The definition of 'surgery' depends on who is coding it
Posted May 22, 2008
Updated May 23, 2008
Godwin, N.C. — When medical procedures are coded for insurance claims, that coding can make a big difference in how much the patient has to pay.
Randy and Tammy Stone, of Godwin, learned about surgery coding after taking their son, Gerald, to Brown Orthopedic Surgery and Sports Medicine Center in Dunn, where he was diagnosed with a broken foot.
The Stones said doctors told Gerald to wear a special boot he already had. There wasn’t a problem until the Stones received an "explanation of benefits" statement from Guardian, their insurance company. The statement showed a $318 charge for the office visit, a $132 charge for X-rays and a $592 charge for surgery.
The Stones were confused because Gerald didn’t have surgery.
“I was concerned about it ‘cause I knew we had a $200 deductible if it was considered surgery,” said Tammy Stone.
A regular office visit would cost the Stones $20.
Tammy Stone said a Brown representative told her not to worry because it's just how they "code" fractures for insurance purposes.
Then the family received a bill for more than $200 from Brown Orthopedic. The Stones were not able to solve the problem with Guardian or Brown.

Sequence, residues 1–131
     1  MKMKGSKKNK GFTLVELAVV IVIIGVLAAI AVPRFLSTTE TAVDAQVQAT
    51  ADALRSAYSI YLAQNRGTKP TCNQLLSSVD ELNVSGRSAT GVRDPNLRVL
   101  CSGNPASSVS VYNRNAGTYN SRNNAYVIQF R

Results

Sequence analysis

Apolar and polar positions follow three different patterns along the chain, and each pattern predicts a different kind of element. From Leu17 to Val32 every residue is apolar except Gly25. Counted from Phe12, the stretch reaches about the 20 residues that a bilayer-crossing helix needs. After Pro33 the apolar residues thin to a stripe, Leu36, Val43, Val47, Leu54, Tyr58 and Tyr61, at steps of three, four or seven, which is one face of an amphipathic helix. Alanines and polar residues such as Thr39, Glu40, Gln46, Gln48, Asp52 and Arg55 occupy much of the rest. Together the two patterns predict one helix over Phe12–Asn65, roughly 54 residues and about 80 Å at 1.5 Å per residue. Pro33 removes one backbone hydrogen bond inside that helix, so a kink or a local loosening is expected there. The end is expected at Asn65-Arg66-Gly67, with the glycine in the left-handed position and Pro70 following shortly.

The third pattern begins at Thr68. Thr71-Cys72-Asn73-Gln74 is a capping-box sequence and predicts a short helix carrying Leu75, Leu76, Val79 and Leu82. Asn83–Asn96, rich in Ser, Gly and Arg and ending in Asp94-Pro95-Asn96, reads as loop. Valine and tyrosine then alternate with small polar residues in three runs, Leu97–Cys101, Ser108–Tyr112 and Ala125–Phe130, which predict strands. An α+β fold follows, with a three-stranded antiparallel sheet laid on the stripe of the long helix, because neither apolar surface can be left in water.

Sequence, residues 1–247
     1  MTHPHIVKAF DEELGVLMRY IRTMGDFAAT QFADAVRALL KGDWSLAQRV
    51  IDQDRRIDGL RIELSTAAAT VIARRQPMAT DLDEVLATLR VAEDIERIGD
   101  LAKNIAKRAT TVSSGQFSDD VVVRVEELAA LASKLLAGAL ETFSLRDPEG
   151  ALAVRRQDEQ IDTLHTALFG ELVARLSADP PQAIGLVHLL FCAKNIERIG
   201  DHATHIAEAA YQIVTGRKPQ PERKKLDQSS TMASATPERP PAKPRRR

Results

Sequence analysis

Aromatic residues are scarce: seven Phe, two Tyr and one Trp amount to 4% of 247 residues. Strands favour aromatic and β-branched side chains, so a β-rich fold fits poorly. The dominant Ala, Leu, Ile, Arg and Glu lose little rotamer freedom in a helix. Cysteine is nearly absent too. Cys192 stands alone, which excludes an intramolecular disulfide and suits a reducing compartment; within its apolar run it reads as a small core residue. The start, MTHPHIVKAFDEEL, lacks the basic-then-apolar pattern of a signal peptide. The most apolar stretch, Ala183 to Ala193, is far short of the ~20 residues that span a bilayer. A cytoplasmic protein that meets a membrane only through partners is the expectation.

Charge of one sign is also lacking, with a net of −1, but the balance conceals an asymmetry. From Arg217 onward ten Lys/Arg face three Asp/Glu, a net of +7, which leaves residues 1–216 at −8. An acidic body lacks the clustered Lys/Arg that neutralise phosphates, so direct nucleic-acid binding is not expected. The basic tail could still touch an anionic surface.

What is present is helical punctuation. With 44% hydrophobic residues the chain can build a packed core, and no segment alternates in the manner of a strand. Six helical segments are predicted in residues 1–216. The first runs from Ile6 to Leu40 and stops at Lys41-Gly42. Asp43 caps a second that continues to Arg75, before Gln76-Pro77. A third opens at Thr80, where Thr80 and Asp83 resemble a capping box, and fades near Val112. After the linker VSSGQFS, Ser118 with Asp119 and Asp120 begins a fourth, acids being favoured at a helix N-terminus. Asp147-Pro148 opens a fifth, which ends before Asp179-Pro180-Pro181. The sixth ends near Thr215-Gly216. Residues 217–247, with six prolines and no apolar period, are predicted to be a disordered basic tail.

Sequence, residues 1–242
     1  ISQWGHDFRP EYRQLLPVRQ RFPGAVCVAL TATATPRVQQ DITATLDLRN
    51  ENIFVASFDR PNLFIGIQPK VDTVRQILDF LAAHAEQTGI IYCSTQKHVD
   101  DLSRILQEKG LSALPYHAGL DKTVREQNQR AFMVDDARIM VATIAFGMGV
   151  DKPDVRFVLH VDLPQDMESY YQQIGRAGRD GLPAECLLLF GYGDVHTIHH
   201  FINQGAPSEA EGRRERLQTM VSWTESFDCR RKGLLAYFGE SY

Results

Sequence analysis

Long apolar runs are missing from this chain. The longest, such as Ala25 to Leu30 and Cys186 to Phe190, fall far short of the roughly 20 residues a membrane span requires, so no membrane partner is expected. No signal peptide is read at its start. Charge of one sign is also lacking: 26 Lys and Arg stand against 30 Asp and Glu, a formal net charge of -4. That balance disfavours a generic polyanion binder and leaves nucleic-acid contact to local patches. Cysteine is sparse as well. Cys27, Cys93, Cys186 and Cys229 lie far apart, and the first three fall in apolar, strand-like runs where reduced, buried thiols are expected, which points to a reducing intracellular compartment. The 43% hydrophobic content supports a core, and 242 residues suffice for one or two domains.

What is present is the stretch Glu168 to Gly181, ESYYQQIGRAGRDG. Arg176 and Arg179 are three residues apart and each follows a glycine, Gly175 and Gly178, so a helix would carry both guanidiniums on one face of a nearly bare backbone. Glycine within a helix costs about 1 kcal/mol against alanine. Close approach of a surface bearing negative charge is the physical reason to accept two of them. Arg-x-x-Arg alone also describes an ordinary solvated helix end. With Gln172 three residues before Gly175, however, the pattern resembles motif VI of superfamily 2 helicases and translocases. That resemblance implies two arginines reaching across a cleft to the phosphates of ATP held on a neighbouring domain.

“What we've been told since January is there is nothing that we can do … that we have no option but to pay it. And it's … just not fair,” Tammy Stone said.
So the Stones contacted 5 on Your Side.
Brown Orthopedic CFO Jacob Rodman said the fracture code, which also covers any “manipulation,” is in the surgery section of the insurance code book.
However according to notes from the doctor who treated Gerald’s foot, the fracture was "non-operative and non-manipulative."
Still, Rodman claims insurance companies require the additional charge whenever there is a fracture, no matter what is done. He says it also covers any further treatment for 90 days.
Guardian spokesman Jerry Picone told WRAL his company does not require a specific charge for anything.
"You list what you did. If somebody didn't treat a fracture … if somebody just looked at it, then that's an office visit and that's what should be coded and billed accordingly,” Picone said.
Randy Stone said the charge was “ridiculous,” considering nothing was done to his son’s foot.
Guardian agreed to look into the Stone's billing dispute, but on Tuesday decided everything was coded properly. Despite that, Guardian said it will consider waiving the Stones' $200 deductible because the company did not like Brown blaming the codes on insurance companies.
The Stones plan to file a complaint with state Department of Insurance.